15

I'm writting a package which dowloads a list of healines, contents, and some other properties, which are to be displayed to the user. For the moment, an org-mode buffer seems like a good way of displaying these headlines.

Below is an example of how this list might be structured. It is merely illustrative, I can easily convert it to any other structure as necessary.

'(("One headline" "Some much longer content."
   (property1 . value)
   (property2 . value))
  ("Second headline" "More much longer content."
   (property1 . value)
   (property2 . value)))

Is there a function or package which prints such a list into an org-mode buffer?

Here's the desired output.

* One headline
  :PROPERTIES:
  :property1: value
  :property2: value
  :END:
Some much longer content.

* Second headline
  :PROPERTIES:
  :property1: value
  :property2: value
  :END:
More much longer content.

I could do this manually, I'm just wondering if there might be something out there.

  • Oh my, this would be very useful. +1. I would note that even Org does so manually. See org-insert-drawer. (That is, I would imagine if such a converter existed, this function would call that one with nil.) – Sean Allred Oct 30 '14 at 22:04
17

This is the job of org-element, the awesome(!) work of Nicolas Goaziou. If you don't know org-element and you care about org-development this is something you should look into. It is not only a great tool to work with, it is also increasingly powering org. Most notably the org-export (ox), but also functions in e.g. org.el.

To get the "lisp representation" of an element under point use org-element-at-point or org-element-context. To get the representation of the buffer use org-element-parse-buffer. While not directly relevant here, be aware of org-element-map.

To go from the "lisp representation" of an element, secondary string or parse tree back to the "Org syntax representation" use org-element-interpret-data. This is the (only) way to turn a "lisp representation" into a "Org syntax representation". You will probably not want to write this representation manually, though. Here's is a pretty small representation of your first headline

(org-element-interpret-data
 '(headline (:title "One headline" :level 1)
            (property-drawer nil ((node-property (:key "property1" :value "value1"))
                                  (node-property (:key "property2" :value "value2"))))
            (#("Some much longer content."))))

If you must add both headlines add a parse tree

(org-element-interpret-data
 '(org-data nil (headline (:title "One headline" :level 1)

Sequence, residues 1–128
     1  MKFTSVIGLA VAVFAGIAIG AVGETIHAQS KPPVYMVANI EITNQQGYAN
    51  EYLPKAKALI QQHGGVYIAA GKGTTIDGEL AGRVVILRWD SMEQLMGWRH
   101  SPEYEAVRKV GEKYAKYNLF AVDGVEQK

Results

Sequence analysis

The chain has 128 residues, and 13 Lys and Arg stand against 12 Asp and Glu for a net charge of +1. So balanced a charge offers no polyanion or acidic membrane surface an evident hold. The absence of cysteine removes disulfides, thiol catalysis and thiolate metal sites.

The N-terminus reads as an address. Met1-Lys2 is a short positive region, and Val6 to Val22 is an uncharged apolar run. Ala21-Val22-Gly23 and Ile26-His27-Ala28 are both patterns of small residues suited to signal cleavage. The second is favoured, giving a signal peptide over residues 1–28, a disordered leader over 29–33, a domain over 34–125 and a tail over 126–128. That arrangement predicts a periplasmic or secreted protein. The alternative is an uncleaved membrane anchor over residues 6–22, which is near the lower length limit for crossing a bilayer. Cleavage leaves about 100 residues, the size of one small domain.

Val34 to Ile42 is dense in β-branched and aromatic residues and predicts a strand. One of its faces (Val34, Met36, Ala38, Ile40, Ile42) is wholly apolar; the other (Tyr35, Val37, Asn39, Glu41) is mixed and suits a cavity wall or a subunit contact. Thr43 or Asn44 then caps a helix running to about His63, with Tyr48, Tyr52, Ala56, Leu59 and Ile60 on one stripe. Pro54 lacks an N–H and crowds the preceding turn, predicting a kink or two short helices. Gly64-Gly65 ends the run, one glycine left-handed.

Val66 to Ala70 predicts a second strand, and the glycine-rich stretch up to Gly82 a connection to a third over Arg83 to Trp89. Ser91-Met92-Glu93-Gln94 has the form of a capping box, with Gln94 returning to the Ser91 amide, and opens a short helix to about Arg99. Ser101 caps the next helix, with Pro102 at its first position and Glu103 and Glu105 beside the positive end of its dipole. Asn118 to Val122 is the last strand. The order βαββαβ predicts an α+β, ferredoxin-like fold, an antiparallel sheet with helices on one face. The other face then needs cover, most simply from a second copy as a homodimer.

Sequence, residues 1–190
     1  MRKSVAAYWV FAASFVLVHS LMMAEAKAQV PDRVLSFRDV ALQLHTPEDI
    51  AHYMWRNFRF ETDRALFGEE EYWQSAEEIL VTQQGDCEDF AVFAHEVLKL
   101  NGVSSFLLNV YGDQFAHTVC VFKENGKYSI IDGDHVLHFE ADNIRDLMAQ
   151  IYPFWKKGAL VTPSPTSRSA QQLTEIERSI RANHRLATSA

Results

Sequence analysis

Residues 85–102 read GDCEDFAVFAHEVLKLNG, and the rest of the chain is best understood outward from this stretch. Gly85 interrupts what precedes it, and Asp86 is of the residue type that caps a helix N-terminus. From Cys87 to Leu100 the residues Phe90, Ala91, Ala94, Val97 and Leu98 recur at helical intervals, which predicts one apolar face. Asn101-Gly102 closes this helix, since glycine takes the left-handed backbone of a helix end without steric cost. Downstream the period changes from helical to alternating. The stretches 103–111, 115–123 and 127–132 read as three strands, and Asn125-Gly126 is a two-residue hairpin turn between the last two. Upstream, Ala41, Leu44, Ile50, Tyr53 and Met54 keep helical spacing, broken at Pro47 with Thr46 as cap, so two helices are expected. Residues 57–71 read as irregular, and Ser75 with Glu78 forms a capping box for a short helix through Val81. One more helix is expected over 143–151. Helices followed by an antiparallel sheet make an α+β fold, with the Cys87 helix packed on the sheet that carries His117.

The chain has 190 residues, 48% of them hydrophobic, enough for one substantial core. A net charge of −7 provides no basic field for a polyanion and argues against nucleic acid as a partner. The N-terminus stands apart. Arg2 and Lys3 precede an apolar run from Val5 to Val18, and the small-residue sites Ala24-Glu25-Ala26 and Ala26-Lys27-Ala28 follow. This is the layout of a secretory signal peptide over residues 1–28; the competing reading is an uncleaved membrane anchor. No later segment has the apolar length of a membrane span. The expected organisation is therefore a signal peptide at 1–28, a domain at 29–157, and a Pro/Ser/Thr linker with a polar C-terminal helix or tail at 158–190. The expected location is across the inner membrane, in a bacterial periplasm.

(property-drawer nil ((node-property (:key "property1" :value "value1"))
                                                (node-property (:key "property2" :value "value2"))))
                          (#("Some much longer content.")))
            (headline (:title "Second headline" :level 1)
                          (property-drawer nil ((node-property (:key "property1" :value "value1"))
                                                (node-property (:key "property2" :value "value2"))))
                          (#("More much longer content.")))))

You may find that Thorsten Jolitz's org-dp library will aid you in such efforts (on MELPA).

The library org-dp is meant for programming at the local level, i.e. without any (contextual) information except those about the parsed element at point. It is designed to make using the Org parser/interpreter framework at the local level as convenient as using it at the global level (with a complete parse-tree produced by org-element-parse-buffer available)

A more complete description by Thorsten can be found here.

For further clarifications gmane.emacs.orgmode is really the appropriate forum.

  • This is a great answer, but I can't understand what org-dp brings beyond org-element. – Lyn Headley Dec 29 '17 at 1:14
  • org-dp is an alternative interface. AFAIR, it was written to create documents in the Org syntax/format from an "elementy" point of view. The goal of Org Element is to be a parser and a workhorse for Org. I am personally just fine with org-element, but it's great to have alternative interfaces. – rasmus Apr 11 '18 at 22:42
1

I've sort of tangentially looked at this issue. Take a look at the org-protocol.el. It's bundled with org-mode. Specifically, the org-protocol-do-capture function converts a list, "parts" (which you seem to already have), to org-mode properties using org-store-link-props function and then calls org-capture. This assumes that you have a capture template with placeholders such as %:link. You can define the properties to be whatever you like.

I've done something similar to scrape title, author, date, source, etc. from site APIs. If you end up looking at this code, be sure to also look at capture-templates.el.

If you're working with JSON data, the json.el and / or request.el might be useful.

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